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Atmospheric Measurement Techniques An interactive open-access journal of the European Geosciences Union
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Volume 9, issue 6
Atmos. Meas. Tech., 9, 2567-2579, 2016
https://doi.org/10.5194/amt-9-2567-2016
© Author(s) 2016. This work is distributed under
the Creative Commons Attribution 3.0 License.
Atmos. Meas. Tech., 9, 2567-2579, 2016
https://doi.org/10.5194/amt-9-2567-2016
© Author(s) 2016. This work is distributed under
the Creative Commons Attribution 3.0 License.

Research article 10 Jun 2016

Research article | 10 Jun 2016

High-resolution tropospheric carbon monoxide profiles retrieved from CrIS and TROPOMI

Dejian Fu1, Kevin W. Bowman1, Helen M. Worden2, Vijay Natraj1, John R. Worden1, Shanshan Yu1, Pepijn Veefkind3,4, Ilse Aben5, Jochen Landgraf5, Larrabee Strow6, and Yong Han7 Dejian Fu et al.
  • 1NASA Jet Propulsion Laboratory, California Institute of Technology, Pasadena, California, USA
  • 2National Center for Atmospheric Research, Boulder, Colorado, USA
  • 3Royal Netherlands Meteorological Institute, Utrechtseweg, De Bilt, the Netherlands
  • 4Delft University of Technology, Department of Geoscience and Remote Sensing, Stevinweg 1, Delft, the Netherlands
  • 5SRON Netherlands Institute for Space Research, Sorbonnelaan, Utrecht, the Netherlands
  • 6University of Maryland, Baltimore, Maryland, USA
  • 7Center for Satellite Applications and Research, National Environmental Satellite, Data, and Information Service, NOAA, College Park, Maryland, USA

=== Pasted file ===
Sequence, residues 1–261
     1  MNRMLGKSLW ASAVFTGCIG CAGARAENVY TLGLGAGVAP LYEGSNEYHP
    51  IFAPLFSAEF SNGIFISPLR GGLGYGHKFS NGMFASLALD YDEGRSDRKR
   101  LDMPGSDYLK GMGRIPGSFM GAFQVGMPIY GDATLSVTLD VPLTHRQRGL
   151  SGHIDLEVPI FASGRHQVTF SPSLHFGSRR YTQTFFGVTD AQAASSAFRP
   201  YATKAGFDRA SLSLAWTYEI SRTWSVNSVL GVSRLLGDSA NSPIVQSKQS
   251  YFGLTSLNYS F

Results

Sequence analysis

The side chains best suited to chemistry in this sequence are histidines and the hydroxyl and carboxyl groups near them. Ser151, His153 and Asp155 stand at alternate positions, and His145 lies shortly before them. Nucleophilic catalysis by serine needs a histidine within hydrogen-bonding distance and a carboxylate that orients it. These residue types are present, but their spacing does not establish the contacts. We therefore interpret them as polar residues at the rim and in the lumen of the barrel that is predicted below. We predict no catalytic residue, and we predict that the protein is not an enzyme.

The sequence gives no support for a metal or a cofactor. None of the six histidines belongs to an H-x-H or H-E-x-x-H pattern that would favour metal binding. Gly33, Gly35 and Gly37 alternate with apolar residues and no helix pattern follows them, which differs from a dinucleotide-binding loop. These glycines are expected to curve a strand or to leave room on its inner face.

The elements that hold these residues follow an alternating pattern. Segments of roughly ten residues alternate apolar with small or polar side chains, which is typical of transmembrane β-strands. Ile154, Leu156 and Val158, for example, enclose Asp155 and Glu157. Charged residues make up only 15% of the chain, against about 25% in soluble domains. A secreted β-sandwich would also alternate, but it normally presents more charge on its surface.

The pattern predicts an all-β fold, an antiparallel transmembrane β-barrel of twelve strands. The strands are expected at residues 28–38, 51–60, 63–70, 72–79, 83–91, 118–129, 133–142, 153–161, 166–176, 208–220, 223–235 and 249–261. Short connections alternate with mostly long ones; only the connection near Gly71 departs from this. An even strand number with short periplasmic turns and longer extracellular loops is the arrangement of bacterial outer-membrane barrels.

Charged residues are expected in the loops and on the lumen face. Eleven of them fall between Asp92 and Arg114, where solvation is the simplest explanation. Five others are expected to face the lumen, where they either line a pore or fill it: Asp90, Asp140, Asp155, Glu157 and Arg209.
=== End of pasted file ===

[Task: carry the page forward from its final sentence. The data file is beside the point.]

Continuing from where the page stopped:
Abstract. The Measurements of Pollution in the Troposphere (MOPITT) instrument is the only satellite-borne sensor in operation that uses both thermal (TIR) and near-infrared (NIR) channels to estimate CO profiles. With more than 15 years (2000 to present) of validated multispectral observations, MOPITT provides the unique capability to separate CO in the lowermost troposphere (LMT, surface to 3 km (∼ 700 hPa)) from the free-tropospheric abundance. To extend this record, a new, hyper-spectral approach is presented here that will provide CO data products exceeding the capabilities of MOPITT by combining the short-wavelength infrared (SWIR, equivalent to the MOPITT NIR) channels from the TROPOspheric Monitoring Instrument (TROPOMI) to be launched aboard the European Sentinel 5 Precursor (S5p) satellite in 2016 and the TIR channels from the Cross-track Infrared Sounder (CrIS) aboard the Suomi National Polar-orbiting Partnership (Suomi NPP) satellite. We apply the MUlti-SpEctra, MUlti-SpEcies, Multi-SEnsors (MUSES) retrieval algorithm to quantify the potential of this joint CO product. CO profiles are retrieved from a single-footprint, full-spectral-resolution CrIS transect over Africa on 27–28 August 2013 coincident with significant biomass burning. Comparisons of collocated CrIS and MOPITT CO observations for the LMT show a mean difference of 2.8 ± 24.9 ppb, which is well within the estimated measurement uncertainty of both sensors. The estimated degrees of freedom (DOF) for CO signals from synergistic CrIS–TROPOMI retrievals are approximately 0.9 in the LMT and 1.3 above the LMT, which indicates that the LMT CO can be distinguished from the free troposphere, similar to MOPITT multispectral observations (0.8 in the LMT, and 1.1 above the LMT). In addition to increased sensitivity, the combined retrievals reduce measurement uncertainty, with ∼ 15 % error reduction in the LMT. With a daily global coverage and a combined spatial footprint of 14 km, the joint CrIS–TROPOMI measurements have the potential to extend and improve upon the MOPITT multispectral CO data records for the coming decade.

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